One of my roommates from colleges’ girlfriend was venturing out on her own as a health coach. She had success in the corporate world as a health consultant and decided it was time to branch out on her own. I was her first client. I knew in order for ME to really make a long term change I would need to make a pretty big financial commitment. This way I would be forced to stick with the program (in fear of just wasting my money).

So it was time for my yearly checkup at the doctors office. On the way to the doctors office (I knew I was going to have to get on a scale and was mortified at what I would see) So, I called my Buddy’s gf and signed up. I paid $1400 upfront and the program lasted 6 months. I lost 93 pounds. Best money I have ever spent.


What were your initial first steps?

 

I had completely stopped working out for nearly 3 years. Which was odd because I had been so active my entire life. So I slowly started working out again. Along with working out again (at first just 2 times a week) I was watching what I ate. I was eating a great deal of organic foods for the first time in my life. I was also consuming a ton of fruits and veggies. However; I still ate what I what I wanted one day a week. She encouraged me to find things that I enjoyed to do. I started volunteering at Big Brothers and Big Sisters and started attending a class 2 times a week at the YMCA (Athletic Conditioning). I got hooked on both, and still do both to this day.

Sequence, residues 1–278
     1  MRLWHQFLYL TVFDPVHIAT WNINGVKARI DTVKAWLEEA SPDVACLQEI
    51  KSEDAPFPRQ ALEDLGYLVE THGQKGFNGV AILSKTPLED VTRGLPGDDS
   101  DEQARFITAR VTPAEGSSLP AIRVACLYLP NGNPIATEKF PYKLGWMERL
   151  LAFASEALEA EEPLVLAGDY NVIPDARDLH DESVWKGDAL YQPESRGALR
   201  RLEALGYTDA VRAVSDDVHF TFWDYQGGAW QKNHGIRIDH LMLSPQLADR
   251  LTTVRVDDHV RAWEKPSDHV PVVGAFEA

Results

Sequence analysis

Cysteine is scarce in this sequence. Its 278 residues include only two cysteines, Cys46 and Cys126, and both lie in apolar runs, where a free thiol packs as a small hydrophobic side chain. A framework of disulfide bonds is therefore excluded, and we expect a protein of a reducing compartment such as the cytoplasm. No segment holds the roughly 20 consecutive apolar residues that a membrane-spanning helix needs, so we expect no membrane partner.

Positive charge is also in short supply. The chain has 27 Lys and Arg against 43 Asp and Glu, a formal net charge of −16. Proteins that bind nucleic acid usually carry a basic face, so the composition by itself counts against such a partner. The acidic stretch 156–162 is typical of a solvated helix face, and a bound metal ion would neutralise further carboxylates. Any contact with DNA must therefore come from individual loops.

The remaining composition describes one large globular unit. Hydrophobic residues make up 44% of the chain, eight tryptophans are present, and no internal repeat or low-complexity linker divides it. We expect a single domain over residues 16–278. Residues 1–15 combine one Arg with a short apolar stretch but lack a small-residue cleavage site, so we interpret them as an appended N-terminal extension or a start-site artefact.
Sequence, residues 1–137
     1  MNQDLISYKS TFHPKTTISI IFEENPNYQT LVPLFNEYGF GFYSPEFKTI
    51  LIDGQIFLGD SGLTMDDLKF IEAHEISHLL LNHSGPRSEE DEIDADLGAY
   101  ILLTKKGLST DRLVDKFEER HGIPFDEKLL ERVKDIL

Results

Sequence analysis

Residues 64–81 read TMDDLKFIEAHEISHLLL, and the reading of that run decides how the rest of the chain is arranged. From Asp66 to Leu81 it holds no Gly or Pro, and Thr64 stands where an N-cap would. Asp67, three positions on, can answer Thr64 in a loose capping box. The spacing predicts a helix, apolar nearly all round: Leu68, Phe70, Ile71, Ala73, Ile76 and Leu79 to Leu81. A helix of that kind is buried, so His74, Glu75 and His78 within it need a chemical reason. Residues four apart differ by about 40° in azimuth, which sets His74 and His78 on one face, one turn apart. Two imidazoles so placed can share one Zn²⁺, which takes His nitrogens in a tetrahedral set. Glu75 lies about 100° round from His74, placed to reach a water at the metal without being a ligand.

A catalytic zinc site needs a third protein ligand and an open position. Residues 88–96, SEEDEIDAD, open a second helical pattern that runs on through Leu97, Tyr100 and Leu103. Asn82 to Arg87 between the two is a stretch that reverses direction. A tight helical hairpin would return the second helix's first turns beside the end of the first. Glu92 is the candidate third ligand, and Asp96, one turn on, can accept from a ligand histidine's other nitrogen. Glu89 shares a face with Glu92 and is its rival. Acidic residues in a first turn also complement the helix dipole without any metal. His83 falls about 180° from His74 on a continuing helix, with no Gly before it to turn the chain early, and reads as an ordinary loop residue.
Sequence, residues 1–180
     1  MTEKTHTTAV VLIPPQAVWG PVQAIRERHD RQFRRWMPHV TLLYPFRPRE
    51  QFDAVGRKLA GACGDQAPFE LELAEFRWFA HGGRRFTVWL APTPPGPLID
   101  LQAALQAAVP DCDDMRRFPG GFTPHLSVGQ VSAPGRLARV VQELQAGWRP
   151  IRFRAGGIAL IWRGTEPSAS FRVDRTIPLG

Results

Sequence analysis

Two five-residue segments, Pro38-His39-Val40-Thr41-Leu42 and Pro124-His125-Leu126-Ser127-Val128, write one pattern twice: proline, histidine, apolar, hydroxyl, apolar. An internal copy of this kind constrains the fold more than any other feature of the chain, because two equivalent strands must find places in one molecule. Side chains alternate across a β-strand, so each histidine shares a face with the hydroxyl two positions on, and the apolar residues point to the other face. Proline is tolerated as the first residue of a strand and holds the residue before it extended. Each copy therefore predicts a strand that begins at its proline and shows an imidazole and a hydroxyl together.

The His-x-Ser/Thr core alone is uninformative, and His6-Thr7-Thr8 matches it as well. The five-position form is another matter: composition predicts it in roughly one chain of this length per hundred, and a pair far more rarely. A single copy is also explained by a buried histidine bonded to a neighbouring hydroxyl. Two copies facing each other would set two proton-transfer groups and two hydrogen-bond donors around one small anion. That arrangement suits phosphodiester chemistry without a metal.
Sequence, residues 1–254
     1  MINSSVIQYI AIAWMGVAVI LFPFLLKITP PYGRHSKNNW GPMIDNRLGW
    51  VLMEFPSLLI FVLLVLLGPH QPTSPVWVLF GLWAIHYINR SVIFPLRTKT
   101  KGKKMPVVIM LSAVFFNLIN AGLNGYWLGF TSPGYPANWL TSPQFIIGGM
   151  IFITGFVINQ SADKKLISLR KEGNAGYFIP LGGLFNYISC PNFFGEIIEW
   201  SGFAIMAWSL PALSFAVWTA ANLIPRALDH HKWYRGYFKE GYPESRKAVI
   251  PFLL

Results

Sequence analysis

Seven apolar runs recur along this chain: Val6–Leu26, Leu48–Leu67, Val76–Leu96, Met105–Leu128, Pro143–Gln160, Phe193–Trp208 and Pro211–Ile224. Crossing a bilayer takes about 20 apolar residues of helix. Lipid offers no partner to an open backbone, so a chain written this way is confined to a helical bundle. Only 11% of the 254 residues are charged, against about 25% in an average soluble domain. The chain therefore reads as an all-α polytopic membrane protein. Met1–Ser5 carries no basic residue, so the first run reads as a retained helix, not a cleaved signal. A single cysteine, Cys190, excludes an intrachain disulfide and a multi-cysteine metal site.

Did you ever get discouraged during the process?

 

I was by far the most out of shape person in the Athletic Conditioning Class. I was running 12 minute miles where the slowest person besides me was running under 9 minute miles. I couldn’t do a single pull up and I could barely do 5 push ups, where the rest of the class were doing sets of 25 push ups. However; I stuck with it and it paid off.


 Did your diet change at all from your heavier days, to now?

 

I have changed my diet, but not a great deal. I don’t eat fast food or anything like that, but for the most part I eat and drink what I want.

 

 

Describe your fitness activities these days 

 Working out has become a part of my everyday life.  I continue to take athletic conditioning class about 4 times a week. I am also a member of Crossfit, which I love. I also run competitive races now and compete in Crossfit events.

I have recently got my mile time down to 5:16 and can do 30 pull ups at once. I am by far the most fit I have ever been and stride to improve that fitness level each day.

 

 

  

 

 

 

(Above is Brendan's "After" photo.  Doesn't even seem like the same guy, does it?)

 

 

 

What would you say to heavy people who feel like remaking their body composition is "impossible"?